The business climate in Indonesia is poised for change due to the impending presidential elections on July 9.
The elections will mark a milestone in Indonesia’s democratic trajectory as power will be transferred from one directly elected president to another for the first time.
According to the latest Grant Thornton International Business Report (IBR), confidence of Indonesian businesses regarding the country’s economy as well as business environment declined in the second quarter of 2014 from a net balance of 78 percent in the previous quarter to 48 percent.
However, despite this decline, optimism amongst Indonesian business owners is still ahead of the global average at 46 percent. Indonesia is ranked fourteenth among the 34 surveyed economies.
The Indonesian economy is expected to grow 5.3 percent (year-on-year, yoy) in the second quarter of 2014 because of improved household consumption supported by the legislative and presidential elections in 2014.
Meanwhile, Indonesian exports are also expected to have improved slightly from its performance in the first quarter of the year due to improved economic conditions in Europe.
Whoever is voted in as the new leader of South East Asia's largest economy will face challenges including combating corruption and maintaining economic growth.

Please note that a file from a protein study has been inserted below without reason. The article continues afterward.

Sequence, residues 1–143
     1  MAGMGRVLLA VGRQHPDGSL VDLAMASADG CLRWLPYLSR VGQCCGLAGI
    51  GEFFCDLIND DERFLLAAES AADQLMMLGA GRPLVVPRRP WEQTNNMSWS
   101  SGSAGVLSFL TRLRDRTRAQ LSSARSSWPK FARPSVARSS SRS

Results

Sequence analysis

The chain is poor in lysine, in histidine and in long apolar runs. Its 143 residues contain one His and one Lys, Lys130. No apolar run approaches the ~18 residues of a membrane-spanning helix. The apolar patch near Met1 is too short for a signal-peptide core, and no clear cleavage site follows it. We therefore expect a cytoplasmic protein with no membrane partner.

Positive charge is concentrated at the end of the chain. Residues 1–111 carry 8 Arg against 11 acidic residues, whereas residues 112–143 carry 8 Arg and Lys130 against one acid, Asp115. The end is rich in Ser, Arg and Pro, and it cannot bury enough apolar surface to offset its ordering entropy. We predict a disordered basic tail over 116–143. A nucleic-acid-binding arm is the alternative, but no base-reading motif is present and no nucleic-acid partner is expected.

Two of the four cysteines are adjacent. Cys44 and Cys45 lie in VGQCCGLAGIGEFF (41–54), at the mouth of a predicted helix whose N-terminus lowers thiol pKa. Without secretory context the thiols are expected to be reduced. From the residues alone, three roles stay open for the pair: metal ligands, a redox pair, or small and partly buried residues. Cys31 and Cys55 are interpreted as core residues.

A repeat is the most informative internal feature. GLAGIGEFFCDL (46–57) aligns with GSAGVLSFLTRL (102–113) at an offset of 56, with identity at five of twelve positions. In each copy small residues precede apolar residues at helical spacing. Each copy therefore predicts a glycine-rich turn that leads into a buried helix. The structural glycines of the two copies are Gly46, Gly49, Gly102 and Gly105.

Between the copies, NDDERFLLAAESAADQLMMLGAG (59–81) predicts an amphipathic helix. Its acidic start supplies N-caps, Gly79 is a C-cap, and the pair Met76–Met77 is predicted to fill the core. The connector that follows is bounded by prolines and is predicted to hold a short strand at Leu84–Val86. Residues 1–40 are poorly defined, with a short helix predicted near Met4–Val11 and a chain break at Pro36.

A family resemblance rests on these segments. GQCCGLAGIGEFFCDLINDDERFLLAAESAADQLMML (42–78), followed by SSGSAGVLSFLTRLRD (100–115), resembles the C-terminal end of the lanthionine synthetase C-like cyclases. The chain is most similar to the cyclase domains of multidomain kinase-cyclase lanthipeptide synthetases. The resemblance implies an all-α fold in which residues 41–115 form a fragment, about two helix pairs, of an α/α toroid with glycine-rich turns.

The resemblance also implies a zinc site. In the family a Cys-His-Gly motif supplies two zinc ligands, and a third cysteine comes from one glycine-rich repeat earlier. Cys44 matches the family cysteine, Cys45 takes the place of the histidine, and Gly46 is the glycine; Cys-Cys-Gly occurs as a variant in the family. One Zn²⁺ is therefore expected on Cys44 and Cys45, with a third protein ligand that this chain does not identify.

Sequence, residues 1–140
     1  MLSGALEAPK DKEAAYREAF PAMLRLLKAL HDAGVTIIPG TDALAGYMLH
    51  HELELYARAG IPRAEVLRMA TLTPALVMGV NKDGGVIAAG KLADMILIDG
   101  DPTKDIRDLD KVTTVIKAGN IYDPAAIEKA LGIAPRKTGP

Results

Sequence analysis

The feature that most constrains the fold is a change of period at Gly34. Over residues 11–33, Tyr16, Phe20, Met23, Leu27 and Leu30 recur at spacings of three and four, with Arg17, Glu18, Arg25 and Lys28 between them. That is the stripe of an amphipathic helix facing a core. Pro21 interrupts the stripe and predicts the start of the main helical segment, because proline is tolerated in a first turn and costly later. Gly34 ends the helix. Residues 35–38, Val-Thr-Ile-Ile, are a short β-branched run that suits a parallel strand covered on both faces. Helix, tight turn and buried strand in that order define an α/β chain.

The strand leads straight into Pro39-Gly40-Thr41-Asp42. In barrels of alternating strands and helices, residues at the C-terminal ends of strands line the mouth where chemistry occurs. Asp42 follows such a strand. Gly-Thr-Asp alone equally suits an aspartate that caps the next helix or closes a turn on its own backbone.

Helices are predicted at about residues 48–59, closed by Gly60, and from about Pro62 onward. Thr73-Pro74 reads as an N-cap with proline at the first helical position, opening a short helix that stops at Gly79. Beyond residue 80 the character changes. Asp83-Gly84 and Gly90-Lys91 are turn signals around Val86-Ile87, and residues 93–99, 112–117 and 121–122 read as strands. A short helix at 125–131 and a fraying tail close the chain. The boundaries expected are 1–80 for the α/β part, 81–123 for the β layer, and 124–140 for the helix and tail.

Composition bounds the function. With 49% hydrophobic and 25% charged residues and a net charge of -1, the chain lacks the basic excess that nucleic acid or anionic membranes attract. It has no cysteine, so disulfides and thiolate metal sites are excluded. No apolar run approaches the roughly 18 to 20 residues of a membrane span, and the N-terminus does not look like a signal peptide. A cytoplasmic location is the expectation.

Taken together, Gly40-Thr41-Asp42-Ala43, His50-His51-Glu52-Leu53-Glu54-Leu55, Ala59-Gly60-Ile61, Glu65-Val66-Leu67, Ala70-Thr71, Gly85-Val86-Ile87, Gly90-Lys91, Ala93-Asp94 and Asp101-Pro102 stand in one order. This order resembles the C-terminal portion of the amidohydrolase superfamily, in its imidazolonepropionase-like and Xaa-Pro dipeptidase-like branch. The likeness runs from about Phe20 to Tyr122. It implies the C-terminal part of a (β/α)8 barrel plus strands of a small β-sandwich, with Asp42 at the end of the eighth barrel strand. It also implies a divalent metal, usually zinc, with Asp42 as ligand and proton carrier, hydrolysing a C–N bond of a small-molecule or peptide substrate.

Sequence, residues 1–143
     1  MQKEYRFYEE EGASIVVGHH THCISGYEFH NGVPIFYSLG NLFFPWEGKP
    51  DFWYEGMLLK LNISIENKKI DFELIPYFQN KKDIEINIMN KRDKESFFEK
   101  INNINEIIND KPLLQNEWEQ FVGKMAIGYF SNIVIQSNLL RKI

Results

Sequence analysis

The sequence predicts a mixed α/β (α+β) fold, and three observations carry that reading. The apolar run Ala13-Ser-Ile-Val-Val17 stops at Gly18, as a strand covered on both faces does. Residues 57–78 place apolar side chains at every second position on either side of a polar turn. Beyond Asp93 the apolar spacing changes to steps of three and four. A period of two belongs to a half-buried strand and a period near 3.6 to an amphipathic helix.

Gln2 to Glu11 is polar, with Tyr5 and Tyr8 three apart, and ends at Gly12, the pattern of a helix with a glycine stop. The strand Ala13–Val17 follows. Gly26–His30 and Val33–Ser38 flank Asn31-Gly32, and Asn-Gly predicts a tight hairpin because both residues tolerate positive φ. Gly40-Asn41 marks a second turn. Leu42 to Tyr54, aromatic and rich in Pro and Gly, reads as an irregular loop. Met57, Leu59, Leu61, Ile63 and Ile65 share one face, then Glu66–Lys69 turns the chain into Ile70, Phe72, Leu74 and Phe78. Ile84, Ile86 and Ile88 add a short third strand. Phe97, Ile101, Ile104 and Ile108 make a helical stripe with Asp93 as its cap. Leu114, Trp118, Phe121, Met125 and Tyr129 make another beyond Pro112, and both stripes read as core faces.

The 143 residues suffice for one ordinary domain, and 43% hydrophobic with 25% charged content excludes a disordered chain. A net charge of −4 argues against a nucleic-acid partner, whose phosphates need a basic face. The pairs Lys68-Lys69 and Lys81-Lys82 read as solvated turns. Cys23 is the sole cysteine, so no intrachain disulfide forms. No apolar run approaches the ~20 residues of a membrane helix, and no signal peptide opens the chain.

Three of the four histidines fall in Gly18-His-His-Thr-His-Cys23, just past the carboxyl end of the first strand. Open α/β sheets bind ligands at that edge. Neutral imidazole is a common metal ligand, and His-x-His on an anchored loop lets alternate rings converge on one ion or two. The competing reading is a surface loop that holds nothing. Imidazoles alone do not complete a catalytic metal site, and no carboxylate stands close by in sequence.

Joko ‘Jokowi’ Widodo – the current governor of Jakarta – remains the narrow favorite to win the race, although he has seen his once double digit opinion poll lead reduced dramatically in the final weeks of campaigning.
Jokowi has won popularity based on his down-to-earth campaigning style and his image as a leader untainted by association with Indonesia’s corrupt political elite, according to Maplecroft.
Foreign investors have also indicated their approval of his commitment to invest in improving the country’s infrastructure and curb corruption.
His opponent is Prabowo Subianto, a former special forces general under the late dictator Suharto, whose image is tainted by accusations of human rights abuses in the 1990s.
Prabowo favors a ‘strong-man image’ and critics have questioned his commitment to democratic ideals. Despite this, he has successfully mobilised a late surge of support with his nationalist rhetoric and populist policies that have worried many foreign investors.